Press Release

Religious homeless shelters head for Supreme Court spotlight Justices to spar over Ninth Circuit ruling that revived discarded “Lemon test"

Media Contact

Ryan Colby 202-349-7219

Additional Information

WASHINGTON – The Supreme Court will hear a case next week involving an Oregon city’s laws that penalize sleeping on public property. In City of Grants Pass v. Johnson, the U.S. Court of Appeals for the Ninth Circuit ruled against Grants Pass, reasoning that the city’s laws imposed “cruel and unusual punishments” because there were not enough shelter beds to house the entire homeless population. The court, however, refused to count religious homeless shelters when it assessed whether there were enough beds available in the city. Becket filed a friend-of-the-court brief explaining how the decision to discount religious shelters was based on a wrongheaded legal standard.

Becket’s brief argues that the Ninth Circuit’s ruling relied on a misguided legal standard known as the Lemon test that the Supreme Court set aside in its 2022 decision in Kennedy v. Bremerton School District. Under the test, government was required to treat religion as suspect, rather than as a normal facet of human culture. For decades, the Lemon test caused courts to incorrectly apply the First Amendment’s Establishment Clause, driving religious people and religious ideas out of public life. Even though Lemon was overturned, many lower courts continue to rely on it. Becket’s brief urges the Supreme Court to reject the Ninth Circuit’s misguided view of the Establishment Clause and reiterate that courts should apply a historical test based on what was understood as a religious “establishment” at the time of the Founding.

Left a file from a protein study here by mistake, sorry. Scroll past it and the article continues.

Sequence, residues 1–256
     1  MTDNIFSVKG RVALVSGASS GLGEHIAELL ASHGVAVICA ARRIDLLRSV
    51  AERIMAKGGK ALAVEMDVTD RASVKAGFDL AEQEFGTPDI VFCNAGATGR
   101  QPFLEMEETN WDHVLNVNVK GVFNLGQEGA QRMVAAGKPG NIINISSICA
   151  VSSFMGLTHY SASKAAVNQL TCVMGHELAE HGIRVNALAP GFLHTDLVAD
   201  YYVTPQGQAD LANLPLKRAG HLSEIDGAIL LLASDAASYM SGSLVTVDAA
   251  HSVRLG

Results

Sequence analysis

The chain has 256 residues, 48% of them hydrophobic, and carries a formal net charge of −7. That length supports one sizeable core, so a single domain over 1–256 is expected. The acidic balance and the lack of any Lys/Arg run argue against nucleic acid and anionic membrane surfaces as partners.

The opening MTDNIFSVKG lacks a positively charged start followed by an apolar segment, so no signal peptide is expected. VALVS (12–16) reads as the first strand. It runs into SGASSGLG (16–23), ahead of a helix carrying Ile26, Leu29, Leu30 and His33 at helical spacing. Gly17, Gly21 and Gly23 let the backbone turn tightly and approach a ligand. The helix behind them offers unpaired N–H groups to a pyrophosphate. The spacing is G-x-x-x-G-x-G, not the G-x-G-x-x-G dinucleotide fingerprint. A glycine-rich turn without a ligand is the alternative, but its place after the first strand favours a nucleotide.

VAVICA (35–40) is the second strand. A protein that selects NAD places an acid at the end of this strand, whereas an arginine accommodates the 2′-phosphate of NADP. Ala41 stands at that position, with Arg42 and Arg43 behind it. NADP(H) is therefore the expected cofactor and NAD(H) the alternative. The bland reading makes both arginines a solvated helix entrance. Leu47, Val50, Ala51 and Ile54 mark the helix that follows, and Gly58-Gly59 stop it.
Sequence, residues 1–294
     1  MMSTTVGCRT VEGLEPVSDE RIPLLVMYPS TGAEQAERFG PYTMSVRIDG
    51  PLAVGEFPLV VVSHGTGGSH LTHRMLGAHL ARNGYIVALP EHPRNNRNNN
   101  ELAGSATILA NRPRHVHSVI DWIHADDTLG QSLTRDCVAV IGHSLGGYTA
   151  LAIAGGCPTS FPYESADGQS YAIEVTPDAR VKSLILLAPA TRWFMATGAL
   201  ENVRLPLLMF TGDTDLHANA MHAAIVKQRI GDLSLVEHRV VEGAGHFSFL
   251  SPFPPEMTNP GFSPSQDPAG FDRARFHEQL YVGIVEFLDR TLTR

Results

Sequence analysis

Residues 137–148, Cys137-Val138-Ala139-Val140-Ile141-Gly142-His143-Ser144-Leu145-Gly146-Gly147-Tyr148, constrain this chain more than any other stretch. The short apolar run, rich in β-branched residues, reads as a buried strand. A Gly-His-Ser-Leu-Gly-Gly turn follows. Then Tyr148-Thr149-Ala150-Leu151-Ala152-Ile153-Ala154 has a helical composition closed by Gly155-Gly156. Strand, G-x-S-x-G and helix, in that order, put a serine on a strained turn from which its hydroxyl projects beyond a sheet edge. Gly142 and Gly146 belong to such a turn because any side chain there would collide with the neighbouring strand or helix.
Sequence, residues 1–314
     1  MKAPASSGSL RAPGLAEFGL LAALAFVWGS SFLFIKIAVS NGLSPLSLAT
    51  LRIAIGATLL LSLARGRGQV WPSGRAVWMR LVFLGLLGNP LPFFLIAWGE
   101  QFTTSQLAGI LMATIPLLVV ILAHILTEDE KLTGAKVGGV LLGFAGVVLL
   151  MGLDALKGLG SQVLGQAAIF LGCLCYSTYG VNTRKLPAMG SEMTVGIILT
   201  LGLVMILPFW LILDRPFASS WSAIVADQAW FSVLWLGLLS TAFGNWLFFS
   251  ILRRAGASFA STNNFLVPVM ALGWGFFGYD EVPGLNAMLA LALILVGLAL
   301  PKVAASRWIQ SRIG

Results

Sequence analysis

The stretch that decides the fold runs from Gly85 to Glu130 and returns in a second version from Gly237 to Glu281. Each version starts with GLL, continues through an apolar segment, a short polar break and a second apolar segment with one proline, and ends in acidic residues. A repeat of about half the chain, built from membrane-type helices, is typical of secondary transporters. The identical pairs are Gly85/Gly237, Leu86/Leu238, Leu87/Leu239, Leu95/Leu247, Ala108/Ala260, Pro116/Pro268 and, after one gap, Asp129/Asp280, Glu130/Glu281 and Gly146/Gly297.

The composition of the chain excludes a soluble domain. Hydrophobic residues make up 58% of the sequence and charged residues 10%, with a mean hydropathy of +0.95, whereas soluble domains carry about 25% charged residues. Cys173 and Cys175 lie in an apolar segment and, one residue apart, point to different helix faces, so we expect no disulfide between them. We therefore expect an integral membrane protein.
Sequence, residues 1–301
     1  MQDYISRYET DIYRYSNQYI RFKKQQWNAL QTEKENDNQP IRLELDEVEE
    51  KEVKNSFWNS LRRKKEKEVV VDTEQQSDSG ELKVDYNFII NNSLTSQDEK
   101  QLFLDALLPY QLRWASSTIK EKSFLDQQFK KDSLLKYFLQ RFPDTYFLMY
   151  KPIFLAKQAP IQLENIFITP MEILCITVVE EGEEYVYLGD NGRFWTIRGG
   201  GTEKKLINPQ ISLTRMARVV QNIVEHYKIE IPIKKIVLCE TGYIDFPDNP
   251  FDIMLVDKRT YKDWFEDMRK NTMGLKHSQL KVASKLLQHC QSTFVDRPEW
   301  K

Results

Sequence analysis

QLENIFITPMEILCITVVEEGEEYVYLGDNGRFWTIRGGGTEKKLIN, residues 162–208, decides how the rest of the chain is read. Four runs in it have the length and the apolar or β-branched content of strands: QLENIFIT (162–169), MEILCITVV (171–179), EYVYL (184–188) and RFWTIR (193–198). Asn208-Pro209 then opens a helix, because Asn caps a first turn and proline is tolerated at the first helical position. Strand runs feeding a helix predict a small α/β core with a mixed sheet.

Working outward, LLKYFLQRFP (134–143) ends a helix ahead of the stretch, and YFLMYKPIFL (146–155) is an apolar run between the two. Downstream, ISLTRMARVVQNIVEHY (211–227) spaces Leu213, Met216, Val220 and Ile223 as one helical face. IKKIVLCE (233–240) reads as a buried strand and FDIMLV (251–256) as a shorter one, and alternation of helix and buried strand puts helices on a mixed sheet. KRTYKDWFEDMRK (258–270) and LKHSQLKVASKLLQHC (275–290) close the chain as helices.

A decision is expected by the end of the Court’s term this June.  

Oral Argument in City of Grants Pass v. Johnson 

Monday, April 22, 2024, at 10 a.m. ET

Supreme Court of the United States
1 First Street NE
Washington, DC 20543 

Listen to the livestream here: 

For more information or to arrange an interview with a Becket attorney, contact Ryan Colby atmedia@becketlaw.orgor 202-349-7219.